Utilize este identificador para referenciar este registo: http://hdl.handle.net/10400.23/682
Título: Immunoglobulin genes implicated in glioma risk
Autor: Pandey, JP
Kaur, N
Costa, N
Amorim, J
Nabico, R
Linhares, P
Vaz, R
Viana-Pereira, M
Reis, RM
Palavras-chave: Glioma
Neoplasias Cerebrais
Genes de Imunoglobulinas
Data: 2014
Citação: Oncoimmunology. 2014 May 23;3:e28609. eCollection 2014
Resumo: Both genetic and environmental factors are thought to be causal in gliomagenesis. Several genes have been implicated in glioma development, but the putative role of a major immunity-related gene complex member, immunoglobulin heavy chain γ (IGHG) has not been evaluated. Prior observations that IGHG-encoded γ marker (GM) allotypes exhibit differential sensitivity to an immunoevasion strategy of cytomegalovirus, a pathogen implicated as a promoter of gliomagenesis, has lead us to hypothesize that these determinants are risk factors for glioma. To test this hypothesis, we genotyped the IGHG locus comprising the GM alleles, specifically GM alleles 3 and 17, of 120 glioma patients and 133 controls via TaqMan® genotyping assay. To assess the associations between GM genotypes and the risk of glioma, we applied an unconditional multivariate logistic regression analysis adjusted for potential confounding variables. In comparison to subjects who were homozygous for the GM 17 allele, the GM 3 homozygotes were over twice as likely, and the GM 3/17 heterozygotes were over three times as likely, to develop glioma. Similar results were achieved when analyzed by combining the data corresponding to alleles GM 3 and GM 3/17 in a dominant model. The GM 3/17 genotype and the combination of GM 3 and GM 3/17 were found to be further associated with over 3 times increased risk for high-grade astrocytoma (grades III-IV). Allele frequency analyses also showed an increased risk for gliomas and high-grade astrocytoma in association with GM 3. Our findings support the premise that the GM 3 allele may present risk for the development of glioma, possibly by modulating immunity to cytomegalovirus.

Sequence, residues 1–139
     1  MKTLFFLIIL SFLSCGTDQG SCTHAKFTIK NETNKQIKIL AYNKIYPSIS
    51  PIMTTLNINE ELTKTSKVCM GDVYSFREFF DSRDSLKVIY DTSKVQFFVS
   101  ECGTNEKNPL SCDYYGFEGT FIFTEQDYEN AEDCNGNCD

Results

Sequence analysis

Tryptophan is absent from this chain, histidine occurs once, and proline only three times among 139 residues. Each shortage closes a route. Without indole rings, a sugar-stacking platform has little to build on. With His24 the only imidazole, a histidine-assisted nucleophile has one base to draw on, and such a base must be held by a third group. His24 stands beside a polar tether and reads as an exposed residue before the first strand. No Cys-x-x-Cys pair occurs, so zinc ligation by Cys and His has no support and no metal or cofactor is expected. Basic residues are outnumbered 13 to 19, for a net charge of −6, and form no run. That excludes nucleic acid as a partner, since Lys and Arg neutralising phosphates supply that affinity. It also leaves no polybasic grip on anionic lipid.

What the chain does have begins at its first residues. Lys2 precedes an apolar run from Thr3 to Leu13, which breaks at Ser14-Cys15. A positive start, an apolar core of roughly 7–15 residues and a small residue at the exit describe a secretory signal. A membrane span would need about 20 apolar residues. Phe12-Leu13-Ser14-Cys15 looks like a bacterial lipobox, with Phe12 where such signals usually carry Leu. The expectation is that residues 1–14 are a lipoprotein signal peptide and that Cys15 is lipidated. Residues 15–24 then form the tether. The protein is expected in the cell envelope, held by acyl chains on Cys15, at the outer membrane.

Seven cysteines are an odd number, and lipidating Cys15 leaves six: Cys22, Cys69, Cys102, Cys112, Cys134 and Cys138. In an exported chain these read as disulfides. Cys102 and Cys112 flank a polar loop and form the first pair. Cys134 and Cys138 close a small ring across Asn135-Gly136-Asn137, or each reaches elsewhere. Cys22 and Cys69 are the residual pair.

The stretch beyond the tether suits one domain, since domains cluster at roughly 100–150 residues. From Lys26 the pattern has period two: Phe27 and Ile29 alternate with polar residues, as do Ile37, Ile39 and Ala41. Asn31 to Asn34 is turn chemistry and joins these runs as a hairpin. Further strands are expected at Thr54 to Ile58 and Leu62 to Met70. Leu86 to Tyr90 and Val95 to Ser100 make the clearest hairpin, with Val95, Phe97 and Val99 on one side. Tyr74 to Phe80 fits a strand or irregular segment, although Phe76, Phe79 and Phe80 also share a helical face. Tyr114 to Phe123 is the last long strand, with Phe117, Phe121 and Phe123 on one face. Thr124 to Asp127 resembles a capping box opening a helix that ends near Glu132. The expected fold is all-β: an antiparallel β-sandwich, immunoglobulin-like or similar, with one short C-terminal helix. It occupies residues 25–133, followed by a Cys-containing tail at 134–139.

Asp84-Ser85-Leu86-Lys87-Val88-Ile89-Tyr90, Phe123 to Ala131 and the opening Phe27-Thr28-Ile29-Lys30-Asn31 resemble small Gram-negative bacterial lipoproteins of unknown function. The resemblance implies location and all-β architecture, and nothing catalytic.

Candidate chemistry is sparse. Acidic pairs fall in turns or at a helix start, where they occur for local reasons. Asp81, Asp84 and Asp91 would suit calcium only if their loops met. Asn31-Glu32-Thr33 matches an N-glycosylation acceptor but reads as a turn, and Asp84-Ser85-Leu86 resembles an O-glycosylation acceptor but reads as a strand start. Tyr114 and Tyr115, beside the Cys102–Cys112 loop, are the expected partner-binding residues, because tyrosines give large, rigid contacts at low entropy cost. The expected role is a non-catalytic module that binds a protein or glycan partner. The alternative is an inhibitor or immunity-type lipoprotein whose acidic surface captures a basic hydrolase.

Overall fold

Peer review: yes
URI: http://hdl.handle.net/10400.23/682
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